Whether you're collecting user feedback, setting up a customer satisfaction program, or running an employee engagement survey, the basics of effective surveying remain the same.
Define your goal
The first thing you should do when designing a survey is to decide what your goal is. This will often be a question that you are trying to get an answer to.
Why are visitors of our homepage not signing up?
Are customers happy with our support team
How effective have our recent marketing efforts been?
Once you know your goal you can then begin writing the questions designed to achieve your goal.
Write effective questions
Writing effective survey questions is the key to a successful survey. Below are common things to look out for the ensure your questions will get you accurate response.
See our guide to writing effective questions for more examples.
Avoid leading questions
Try to write questions that are neutral and don't imply anything. For example asking "How helpful or unhelpful did you find our support website?" is a better question than "How helpful or unhelpful did you find our fantastic support website?"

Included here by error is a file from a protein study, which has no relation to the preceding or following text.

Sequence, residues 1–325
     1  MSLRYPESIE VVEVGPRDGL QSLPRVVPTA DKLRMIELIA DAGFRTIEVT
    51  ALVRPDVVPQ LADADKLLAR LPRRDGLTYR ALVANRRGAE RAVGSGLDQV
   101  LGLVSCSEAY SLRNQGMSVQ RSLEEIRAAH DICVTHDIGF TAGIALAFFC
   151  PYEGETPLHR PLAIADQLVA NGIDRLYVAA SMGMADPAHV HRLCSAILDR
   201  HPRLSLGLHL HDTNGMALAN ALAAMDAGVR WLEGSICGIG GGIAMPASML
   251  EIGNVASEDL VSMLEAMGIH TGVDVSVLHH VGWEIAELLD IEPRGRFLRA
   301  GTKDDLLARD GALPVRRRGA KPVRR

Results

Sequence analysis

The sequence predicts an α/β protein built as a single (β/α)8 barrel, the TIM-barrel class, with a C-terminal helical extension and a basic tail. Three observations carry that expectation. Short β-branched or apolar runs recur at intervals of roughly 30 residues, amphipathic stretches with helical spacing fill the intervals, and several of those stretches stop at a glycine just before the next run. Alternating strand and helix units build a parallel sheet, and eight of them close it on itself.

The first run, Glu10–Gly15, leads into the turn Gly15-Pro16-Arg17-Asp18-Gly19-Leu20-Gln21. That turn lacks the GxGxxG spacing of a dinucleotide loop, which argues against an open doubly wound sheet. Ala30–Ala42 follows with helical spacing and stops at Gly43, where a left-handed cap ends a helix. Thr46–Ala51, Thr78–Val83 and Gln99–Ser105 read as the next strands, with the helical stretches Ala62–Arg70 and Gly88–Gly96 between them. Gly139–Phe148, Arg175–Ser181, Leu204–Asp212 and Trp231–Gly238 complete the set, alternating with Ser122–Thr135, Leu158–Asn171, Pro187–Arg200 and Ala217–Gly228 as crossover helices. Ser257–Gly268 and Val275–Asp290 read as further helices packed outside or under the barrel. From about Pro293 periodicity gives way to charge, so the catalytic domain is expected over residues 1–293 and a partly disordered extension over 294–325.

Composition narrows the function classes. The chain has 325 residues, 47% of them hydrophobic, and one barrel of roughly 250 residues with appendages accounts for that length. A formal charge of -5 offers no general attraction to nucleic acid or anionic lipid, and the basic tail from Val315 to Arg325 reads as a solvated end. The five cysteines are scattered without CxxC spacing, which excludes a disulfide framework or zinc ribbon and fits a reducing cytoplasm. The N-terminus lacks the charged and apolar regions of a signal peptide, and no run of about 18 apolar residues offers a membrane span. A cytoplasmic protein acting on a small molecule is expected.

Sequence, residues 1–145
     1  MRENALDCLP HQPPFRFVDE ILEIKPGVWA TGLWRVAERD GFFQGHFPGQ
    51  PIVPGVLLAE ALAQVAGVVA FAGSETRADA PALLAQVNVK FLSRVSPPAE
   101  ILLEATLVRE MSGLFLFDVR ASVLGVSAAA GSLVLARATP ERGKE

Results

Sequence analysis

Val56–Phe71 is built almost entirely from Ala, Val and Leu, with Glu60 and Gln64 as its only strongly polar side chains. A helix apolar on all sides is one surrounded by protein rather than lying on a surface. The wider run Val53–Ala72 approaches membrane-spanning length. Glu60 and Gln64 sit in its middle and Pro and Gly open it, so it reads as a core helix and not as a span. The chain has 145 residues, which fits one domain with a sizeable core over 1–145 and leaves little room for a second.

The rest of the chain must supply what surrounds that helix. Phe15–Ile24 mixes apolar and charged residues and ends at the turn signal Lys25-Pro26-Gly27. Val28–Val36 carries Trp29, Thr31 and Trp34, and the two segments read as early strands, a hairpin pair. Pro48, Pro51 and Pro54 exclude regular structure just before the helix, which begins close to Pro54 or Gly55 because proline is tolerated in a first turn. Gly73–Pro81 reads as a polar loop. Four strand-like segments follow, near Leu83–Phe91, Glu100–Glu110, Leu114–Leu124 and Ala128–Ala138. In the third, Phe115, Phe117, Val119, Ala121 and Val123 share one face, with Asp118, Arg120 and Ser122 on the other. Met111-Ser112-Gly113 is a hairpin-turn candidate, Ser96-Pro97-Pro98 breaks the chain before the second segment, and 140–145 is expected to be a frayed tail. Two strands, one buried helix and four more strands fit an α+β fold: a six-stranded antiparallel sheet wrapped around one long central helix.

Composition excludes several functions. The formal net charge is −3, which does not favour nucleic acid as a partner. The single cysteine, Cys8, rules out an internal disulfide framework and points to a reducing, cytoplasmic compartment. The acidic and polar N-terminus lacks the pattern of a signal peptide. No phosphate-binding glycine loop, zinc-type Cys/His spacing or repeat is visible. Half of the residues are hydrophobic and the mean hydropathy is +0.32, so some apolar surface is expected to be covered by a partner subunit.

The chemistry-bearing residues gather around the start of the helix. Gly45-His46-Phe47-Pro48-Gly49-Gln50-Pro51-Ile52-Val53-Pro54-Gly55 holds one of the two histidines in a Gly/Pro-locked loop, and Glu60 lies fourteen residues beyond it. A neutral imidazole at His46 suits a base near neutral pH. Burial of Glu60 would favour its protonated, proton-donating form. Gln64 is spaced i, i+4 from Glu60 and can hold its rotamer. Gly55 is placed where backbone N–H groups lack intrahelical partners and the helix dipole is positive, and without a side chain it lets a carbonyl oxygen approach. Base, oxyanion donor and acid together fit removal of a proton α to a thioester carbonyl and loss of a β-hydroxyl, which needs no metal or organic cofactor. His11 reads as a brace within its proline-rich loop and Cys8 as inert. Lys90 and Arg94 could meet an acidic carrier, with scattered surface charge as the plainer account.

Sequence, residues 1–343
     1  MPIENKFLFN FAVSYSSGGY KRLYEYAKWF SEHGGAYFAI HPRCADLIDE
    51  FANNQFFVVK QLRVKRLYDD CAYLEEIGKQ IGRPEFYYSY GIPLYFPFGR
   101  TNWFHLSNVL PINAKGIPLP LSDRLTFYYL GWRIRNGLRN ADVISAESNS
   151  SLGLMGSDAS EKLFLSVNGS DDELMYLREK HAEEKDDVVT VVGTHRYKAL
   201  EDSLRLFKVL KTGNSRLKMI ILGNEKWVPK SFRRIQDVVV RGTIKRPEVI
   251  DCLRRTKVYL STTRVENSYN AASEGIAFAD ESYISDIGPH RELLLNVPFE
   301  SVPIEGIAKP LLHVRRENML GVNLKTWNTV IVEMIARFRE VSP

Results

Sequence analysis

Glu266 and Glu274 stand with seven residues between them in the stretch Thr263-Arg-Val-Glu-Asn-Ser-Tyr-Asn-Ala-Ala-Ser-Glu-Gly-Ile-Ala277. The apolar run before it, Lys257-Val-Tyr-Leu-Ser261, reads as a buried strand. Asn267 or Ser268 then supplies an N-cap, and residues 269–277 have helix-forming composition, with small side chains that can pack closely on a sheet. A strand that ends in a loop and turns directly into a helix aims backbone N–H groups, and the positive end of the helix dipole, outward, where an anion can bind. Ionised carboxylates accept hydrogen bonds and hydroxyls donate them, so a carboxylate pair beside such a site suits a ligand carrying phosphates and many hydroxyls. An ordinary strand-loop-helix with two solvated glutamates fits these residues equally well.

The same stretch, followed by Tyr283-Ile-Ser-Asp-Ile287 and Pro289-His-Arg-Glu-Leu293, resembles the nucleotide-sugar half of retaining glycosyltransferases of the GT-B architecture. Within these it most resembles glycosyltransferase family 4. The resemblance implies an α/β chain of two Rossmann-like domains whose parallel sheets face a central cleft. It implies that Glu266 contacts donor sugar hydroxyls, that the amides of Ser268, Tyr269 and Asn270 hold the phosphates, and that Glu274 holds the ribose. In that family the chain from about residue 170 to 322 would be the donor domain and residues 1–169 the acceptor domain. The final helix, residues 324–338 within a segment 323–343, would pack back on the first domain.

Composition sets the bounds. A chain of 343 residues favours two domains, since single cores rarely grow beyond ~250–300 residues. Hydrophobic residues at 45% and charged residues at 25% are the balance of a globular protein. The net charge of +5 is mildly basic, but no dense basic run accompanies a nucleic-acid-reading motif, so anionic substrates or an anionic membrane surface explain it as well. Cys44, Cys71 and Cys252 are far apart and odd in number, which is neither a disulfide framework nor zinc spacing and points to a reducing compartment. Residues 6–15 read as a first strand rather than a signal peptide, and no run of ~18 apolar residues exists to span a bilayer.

Be mindful of time
When writing your survey, be mindful of the amount of time it will take for people to fill it out., the shorter it takes the more responses you'll get. You can reduce the amount of time it takes to complete your survey by:
Reducing the number of questions
Keeping your questions concise
Using closed-ended questions (e.g. single select) since freeform questions take longer to answer
Identify your audience
Once you have your survey written it's time to distribute your survey and collect responses.
To get the best results you'll want to target your survey to people best suited to answer it. If you're looking for feedback on your support site it's best to only send that survey to people you know have visited your support site rather than everyone who uses your app (but may not have used the support site).
If you find different questions are best suited to different groups of people, consider creating multiple surveys and targeting them to each group individually.
Ask for feedback
Before sending out your survey, ask a colleague or friend to review it. While your questions may be clear, concise, and unbiased to you, having them reviewed by others will help you be confident in the survey before it's sent out.
There's nothing better than feedback!